Washington DC, September 09, 2015 (PPI-OT): Ladies and Gentlemen,
Pakistan recognizes that investment in health sector is of utmost importance, in order to achieve the targets we have set for coming years. We would like to ensure that our population is healthy and has equitable access to health. The relation of health with economic growth and security environment is very clear and in order to achieve optimal growth, emphasis on improving social sector indicators is a must.
Inadequate resources for social services and the fact that over half of all “New poors” added to the pool every year, are resulting from catastrophic health related expenditures thus laying a fertile ground for extremist groups to embed themselves throughout society.
It has been recognized in the government’s 10-year development strategy, Vision 2025, that current demographic trends pose real threats to Pakistan’s future including:
High population growth rates exert negative pressure on economic growth as investment funds have to be concentrated in meeting the needs of the growing population (education, health, housing, police, and other infrastructure), rather than productivity growth.
The potential demographic dividend cannot be realized unless there is adequate investment in human development, especially education, training, and health.
The growing population in Pakistan poses a significant threat to food security, Pakistan’s development and social indicators and stability. With almost 50% of women and children being malnourished, these nutritional inadequacies hinder the development of the intellectual faculties of school-going children and young adults consigned to such diets, and could thus perpetuate intergenerational inequalities of opportunity and income. Given the prospect of climate change and depleting water resource, this will constitute one of the major challenges faced by the country.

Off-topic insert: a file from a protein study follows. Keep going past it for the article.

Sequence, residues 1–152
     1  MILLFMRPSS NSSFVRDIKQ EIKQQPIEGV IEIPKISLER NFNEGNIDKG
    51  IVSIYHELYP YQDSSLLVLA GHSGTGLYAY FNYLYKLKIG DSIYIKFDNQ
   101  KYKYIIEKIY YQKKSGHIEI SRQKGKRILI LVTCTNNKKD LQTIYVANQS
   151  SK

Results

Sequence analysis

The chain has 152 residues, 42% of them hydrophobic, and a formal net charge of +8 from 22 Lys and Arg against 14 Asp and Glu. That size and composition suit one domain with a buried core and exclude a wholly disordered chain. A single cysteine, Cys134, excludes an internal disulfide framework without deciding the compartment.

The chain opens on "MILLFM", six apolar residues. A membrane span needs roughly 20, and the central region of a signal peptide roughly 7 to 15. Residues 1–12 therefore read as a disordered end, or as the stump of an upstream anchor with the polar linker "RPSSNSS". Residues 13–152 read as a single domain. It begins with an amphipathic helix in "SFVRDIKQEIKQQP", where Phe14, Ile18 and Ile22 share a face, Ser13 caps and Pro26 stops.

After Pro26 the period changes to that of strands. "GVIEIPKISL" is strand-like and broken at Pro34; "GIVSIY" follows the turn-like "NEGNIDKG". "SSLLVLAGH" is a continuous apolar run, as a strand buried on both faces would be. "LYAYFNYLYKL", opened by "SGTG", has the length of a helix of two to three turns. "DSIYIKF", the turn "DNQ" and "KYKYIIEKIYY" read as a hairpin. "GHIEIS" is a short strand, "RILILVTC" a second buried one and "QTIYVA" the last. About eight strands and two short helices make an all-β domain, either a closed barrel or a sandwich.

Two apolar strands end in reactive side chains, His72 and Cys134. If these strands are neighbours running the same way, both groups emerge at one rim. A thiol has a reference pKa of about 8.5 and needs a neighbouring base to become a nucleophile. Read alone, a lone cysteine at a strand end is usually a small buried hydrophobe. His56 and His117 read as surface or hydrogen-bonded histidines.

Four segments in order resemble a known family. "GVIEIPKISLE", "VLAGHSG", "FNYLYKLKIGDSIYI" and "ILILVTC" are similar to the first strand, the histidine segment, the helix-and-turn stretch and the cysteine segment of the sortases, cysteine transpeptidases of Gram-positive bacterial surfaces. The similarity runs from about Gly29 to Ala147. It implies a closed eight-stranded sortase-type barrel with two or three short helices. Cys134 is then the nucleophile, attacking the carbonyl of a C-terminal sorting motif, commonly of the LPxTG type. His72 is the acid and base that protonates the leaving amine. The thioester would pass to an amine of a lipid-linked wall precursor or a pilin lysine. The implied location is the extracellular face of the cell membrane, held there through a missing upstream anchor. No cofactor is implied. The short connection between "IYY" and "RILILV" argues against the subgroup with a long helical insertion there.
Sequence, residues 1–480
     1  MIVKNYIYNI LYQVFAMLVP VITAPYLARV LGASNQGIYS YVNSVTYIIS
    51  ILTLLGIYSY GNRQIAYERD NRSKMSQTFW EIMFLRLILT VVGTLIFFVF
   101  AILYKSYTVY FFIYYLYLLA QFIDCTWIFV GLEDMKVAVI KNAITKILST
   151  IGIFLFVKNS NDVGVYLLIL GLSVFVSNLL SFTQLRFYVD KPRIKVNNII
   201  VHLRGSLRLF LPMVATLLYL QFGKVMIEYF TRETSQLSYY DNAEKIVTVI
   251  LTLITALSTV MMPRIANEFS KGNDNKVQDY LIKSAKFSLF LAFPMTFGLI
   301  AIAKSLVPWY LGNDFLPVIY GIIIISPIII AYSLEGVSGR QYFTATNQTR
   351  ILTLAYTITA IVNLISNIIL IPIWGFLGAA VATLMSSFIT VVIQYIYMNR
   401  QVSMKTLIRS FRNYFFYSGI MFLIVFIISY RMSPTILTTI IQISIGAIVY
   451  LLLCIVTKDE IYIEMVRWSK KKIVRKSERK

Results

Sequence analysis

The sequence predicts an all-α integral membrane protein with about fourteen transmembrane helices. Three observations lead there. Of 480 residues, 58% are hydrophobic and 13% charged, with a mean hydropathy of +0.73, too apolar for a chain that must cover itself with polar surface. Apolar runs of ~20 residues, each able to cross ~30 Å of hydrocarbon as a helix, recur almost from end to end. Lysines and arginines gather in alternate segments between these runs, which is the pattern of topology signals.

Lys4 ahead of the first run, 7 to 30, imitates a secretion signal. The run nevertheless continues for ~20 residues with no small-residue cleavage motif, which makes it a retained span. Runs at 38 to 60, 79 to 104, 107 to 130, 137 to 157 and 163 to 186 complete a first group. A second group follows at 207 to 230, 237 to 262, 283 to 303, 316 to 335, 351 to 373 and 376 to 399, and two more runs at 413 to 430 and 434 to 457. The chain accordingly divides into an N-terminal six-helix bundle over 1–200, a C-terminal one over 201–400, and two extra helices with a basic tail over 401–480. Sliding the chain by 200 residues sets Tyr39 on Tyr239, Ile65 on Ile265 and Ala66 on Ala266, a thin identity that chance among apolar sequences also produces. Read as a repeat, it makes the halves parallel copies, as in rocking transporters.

Total health expenditure in Pakistan is estimated at $5.4 billion USD per year, of which 36% is funded by public sector. Approximately 62% of the health expenditures are funded through private sector, out of which 88% is out of pocket (OOP) by households. Currently development partners / donors organizations cover only 2% of total health expenditures.
There is a continued need for increased donor assistance through the “Economic Transition in Health” when GDP per capita is over $1,400 and total health expenditure per capita reaches ~$70/capita. As evidenced globally, even when these thresholds are met, there is continued need for donor assistance to ensure adequate funding for the ‘best value for money’ with prioritizing primary health and prevention instead of more attractive infrastructure and tertiary healthcare.
With the 18th constitutional amendment devolving health to the provincial governments, the federal government as the main interlocutor with major development partners prioritizes issues and donor assistance request to subjects which are squarely within the federal government’s mandate. In addition, immediate concerns with security and short-term drivers of economic growth (energy, infrastructure…) currently take precedence despite the opportunity cost of not addressing the more insidious threats to long-term security and economic development.
Despite all adversities Pakistan has taken tangible steps to ensure improvement of health in the country both in terms of enhancing financial resources as well as developing robust policy environment.
Since 2012, provincial governments increased health allocation to 7-8% of provincial budgets – at par with regional average. Although inflation and growth in population has eroded corresponding increases and impact.
Population programs have allocated progressively increasing resources for securing Family Planning commodities in their own budgets to the tune of approximately 60 million USD over next 5 years, showing a true commitment for this vital area.
The recently launched Prime Minister National Health Insurance Program is a flagship initiative to support the poor through catastrophic health expenditures and Federal government has allocated 90 million USD this year from its own resources. The provincial governments have allocated similar amounts in their budgets. The program is a clear indication of the present government to social sector development in Pakistan.
The Prime Minister of Pakistan, noting slow progress in MNCH and nutrition, directed national leadership to develop a comprehensive action plan to address challenges. A 10-Point priority Agenda has been developed by the federal and provincial governments, in consultation with development partners, which includes:
Improving access and quality of primary care services for MNCH in rural districts and urban slums through revitalization and refocusing scope of LHW program.